Britons In The Community

Britons In The Community

By Katherine Buzan
The Pleiad

Since the revival of the Albion College mentoring program by Candace Cullens, '16, last fall, it has more than doubled in size. The mentoring program at Harrington Elementary was originally a part of Sigma Nu's philanthropy Jessie's Gift. The program was on a break since Harrington shut down and the students were moved. Cullens heard that people wanted to bring it back, so she found a way to make that happen.

Cullens spent her senior year working on everything from creating documents for the program (such as a mission statement) to talking with principals to get everything approved so that it could actually start up. With help from Peg Turner, who began the original mentoring program, and Pam Schuler the assistant director, service and leadership, Cullens managed to get everything going.

"The mentoring program was my top priority during my senior year at Albion," said Cullens in an email. "I answered calls and texts during class, worked on materials for the program before doing homework and spent a crazy amount of time at the Albion Community School."

At the end of last year, Cullens passed control over to Emily Budlong, a Canton, Mich., sophomore, and Jenna Urso, a Brighton, Mich., junior. Budlong and Urso got involved with the program when they saw information Cullens put around campus. Both of them had prior experience with volunteering and with children, so they were excited to be a part of the mentoring program. As soon as Budlong and Urso took over, they began preparing for this year.

"Last year we got the word out that this was going to happen again this year," said Urso. "We wanted to get the most Albion College students that we could to be mentors because the more mentors you have, the more kids you are affecting, the better it's going to be."

When Cullens started the program last fall, it had 31 mentors. Now, there are 78. Budlong and Urso said there was so much interest in the program, that they had to create a waiting list for mentors. Budlong and Urso attribute some of the success of the program this year to the hard work they put into matching college students with elementary or middle school students. Harrington's school counselor, Lisa Bailey, helped Budlong and Urso make the pairings.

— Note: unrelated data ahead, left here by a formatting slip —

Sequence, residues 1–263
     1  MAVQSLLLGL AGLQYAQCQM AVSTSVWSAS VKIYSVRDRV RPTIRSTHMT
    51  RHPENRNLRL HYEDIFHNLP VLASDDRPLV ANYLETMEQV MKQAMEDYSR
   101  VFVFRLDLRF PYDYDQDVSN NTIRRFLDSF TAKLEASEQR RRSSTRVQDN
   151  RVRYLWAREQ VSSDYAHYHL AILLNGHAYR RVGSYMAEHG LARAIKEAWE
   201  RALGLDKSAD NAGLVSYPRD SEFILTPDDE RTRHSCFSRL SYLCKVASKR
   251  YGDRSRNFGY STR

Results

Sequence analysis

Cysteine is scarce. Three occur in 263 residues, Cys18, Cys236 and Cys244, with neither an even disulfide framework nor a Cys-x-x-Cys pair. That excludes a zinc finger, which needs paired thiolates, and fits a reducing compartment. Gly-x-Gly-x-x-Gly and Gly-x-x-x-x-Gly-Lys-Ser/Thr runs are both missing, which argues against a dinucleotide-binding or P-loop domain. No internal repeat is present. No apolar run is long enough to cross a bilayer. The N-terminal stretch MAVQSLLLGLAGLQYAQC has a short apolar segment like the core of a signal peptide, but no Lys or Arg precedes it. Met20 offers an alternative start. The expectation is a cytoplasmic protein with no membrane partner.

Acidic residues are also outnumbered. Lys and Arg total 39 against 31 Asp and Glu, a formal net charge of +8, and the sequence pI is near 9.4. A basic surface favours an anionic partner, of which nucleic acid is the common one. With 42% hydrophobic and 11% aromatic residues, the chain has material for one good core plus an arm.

"We matched them up according to their personalities, interests and life experiences," said Bailey by email. "It ends up being a full circle benefit for the little kids and the big kids."

Now that the program is running, Budlong and Urso spend most of their time making sure that their mentors are going to the schools, in addition to spending time with their own mentees.

"We love mentoring, and that love didn't change with the newfound responsibilities," said Budlong.

Most of the mentors work with children at Harrington Elementary, but some of them work with students at Marshall Middle School. The mentors spend about an hour a week with their mentees, and they have a specified date and time that they are expected to go. This requirement makes a consistent schedule for the children and their teachers and ensures that there are not too many mentors in the schools at one time.

"The mentoring program is just giving them a positive role model, like a big brother or big sister, that they can be close to and have that good relationship with," said Budlong. "It's not just like a tutoring thing. We do all encompassing activities."

Jack Brownlow, a Grand Rapids senior, has now been a mentor for two years. Brownlow said he got involved with the program because he "wanted to give back to the kids of Albion, and [he] wanted to be a role model for a kid that may not have a role model in their life."

The time mentors spend with their mentees is usually spent doing whatever the mentee wants to do on that particular day.

"Typically I like to first talk to my mentee about their week, about what they did over the weekend, what school has been like, and then we sometimes go play basketball, football or some board game," said Brownlow.  

The time the mentors spend with their mentees for a relationship to form that impacts all parties involved.

"It's through having fun that this friendship forms," said Urso. "The more you go, the more they start opening up to you about their life, and you learn more about them as they are learning about you."

As the school counselor Bailey has more contact with the children involved with the mentoring program, she can see the impact it has on them.

"The kids ask me all the time when their mentor will be there next, how cool they are, what they talked about, and they smile ear to ear to be given attention by someone they can aspire to be like or look up to," said Bailey. "They see an older version of themselves, a representation of what they could be."

The program came back because of the hard work Cullens put into reviving it but is continuing through the efforts of Budlong and Urso.

"The program was started with an undeniable passion for helping youth, and fortunately the program has continued with the same passion through the new co-directors of the program, Emily Budlong and Jenna Urso," said Cullens.